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On Teenage Childbearing and Neonatal Mortality in the United States

Arline T. Geronimus
Population and Development Review
Vol. 13, No. 2 (Jun., 1987), pp. 245-279
Published by: Population Council
DOI: 10.2307/1973193
Stable URL: http://www.jstor.org/stable/1973193
Page Count: 35
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On Teenage Childbearing and Neonatal Mortality in the United States
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Abstract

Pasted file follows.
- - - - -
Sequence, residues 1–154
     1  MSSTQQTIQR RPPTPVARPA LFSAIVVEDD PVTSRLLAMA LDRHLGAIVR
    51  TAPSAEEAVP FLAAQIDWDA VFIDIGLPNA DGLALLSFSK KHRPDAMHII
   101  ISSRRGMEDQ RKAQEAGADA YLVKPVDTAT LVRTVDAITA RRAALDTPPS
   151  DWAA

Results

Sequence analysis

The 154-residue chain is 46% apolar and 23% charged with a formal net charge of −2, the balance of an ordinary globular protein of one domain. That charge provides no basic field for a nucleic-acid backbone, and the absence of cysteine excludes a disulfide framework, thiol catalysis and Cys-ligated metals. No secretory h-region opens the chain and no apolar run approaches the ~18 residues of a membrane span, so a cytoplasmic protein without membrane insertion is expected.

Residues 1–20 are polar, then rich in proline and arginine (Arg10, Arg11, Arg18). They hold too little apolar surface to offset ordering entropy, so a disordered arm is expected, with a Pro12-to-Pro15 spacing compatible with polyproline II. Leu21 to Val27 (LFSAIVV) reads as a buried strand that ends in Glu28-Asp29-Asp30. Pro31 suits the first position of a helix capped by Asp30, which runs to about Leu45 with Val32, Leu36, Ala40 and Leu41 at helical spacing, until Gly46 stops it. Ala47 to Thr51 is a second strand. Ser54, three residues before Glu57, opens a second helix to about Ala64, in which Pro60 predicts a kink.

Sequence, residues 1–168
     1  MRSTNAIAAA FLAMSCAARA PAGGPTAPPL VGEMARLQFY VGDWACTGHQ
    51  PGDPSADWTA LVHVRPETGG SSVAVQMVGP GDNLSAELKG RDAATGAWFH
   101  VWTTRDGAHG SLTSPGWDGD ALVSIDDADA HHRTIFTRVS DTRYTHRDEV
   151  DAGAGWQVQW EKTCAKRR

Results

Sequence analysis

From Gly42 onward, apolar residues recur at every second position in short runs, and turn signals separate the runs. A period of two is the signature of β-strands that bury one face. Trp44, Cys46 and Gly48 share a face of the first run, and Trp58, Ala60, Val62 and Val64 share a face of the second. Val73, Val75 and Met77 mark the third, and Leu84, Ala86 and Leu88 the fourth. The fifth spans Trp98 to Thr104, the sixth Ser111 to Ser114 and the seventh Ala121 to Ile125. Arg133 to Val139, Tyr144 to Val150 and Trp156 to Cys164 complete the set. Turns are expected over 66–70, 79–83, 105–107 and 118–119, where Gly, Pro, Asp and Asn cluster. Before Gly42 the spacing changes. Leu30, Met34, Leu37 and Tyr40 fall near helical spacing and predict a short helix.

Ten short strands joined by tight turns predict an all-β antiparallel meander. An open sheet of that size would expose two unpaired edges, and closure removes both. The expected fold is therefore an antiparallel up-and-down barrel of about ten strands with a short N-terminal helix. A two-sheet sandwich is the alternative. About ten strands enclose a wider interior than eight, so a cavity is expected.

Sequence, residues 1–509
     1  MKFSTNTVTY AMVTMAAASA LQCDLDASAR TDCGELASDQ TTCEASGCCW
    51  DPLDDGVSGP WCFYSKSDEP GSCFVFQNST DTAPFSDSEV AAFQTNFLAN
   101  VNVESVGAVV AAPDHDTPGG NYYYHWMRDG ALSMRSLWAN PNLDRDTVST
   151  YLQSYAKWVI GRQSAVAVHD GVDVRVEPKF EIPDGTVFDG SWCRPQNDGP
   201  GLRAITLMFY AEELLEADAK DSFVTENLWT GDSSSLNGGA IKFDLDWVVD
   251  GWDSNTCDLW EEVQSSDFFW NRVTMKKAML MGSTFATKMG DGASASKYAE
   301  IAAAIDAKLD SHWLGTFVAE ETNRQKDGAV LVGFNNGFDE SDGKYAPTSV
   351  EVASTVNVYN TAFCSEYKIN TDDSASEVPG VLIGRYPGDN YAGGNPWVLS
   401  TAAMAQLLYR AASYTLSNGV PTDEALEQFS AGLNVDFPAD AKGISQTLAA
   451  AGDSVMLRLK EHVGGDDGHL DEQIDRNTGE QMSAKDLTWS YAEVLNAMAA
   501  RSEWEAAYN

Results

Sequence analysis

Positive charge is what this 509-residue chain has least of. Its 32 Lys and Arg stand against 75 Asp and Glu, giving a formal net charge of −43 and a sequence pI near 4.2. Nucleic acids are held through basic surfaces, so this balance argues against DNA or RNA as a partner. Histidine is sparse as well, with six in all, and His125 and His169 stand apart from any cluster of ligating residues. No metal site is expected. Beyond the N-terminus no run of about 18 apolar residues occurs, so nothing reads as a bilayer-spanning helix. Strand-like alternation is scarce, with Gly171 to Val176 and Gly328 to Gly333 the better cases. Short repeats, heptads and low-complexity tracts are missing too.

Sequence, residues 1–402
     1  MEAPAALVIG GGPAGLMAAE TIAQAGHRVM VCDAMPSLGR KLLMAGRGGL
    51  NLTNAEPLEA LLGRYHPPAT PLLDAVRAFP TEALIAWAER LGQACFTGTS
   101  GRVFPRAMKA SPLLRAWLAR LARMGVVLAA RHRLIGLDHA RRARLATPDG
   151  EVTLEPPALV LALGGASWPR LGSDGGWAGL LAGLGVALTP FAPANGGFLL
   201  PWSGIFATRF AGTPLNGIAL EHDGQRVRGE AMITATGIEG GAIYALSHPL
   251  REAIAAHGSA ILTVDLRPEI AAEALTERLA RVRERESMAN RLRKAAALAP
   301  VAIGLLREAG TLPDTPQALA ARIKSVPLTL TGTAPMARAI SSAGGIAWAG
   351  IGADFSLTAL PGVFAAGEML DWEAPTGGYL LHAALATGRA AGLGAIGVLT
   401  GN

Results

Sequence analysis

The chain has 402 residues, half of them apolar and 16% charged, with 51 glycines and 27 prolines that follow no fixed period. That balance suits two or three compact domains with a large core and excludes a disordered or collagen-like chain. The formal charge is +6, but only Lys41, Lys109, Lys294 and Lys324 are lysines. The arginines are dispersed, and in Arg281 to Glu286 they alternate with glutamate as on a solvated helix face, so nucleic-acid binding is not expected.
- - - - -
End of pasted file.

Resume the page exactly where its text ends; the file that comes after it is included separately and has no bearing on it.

The association between teenage childbearing and neonatal mortality is often interpreted as evidence of true age effects. A corresponding expectation is that neonatal mortality will be reduced by prevention of teenage pregnancy. These views are reconsidered in light of new empirical findings and their synthesis with results of previous biomedical and social scientific investigations. An alternative hypothesis is proposed: that the association between teenage childbearing and neonatal mortality reflects unobserved heterogeneity in the population of first-time mothers. Specifically, in the United States, unfavorable life conditions among populations with high early fertility rates have physiological consequences that are proximate determinants of neonatal mortality. This interpretation suggests that policies promoting fertility postponement will not reduce levels of neonatal mortality if, within target populations, the prevalence and effects of important proximate determinants of neonatal mortality are constant or increase with age.

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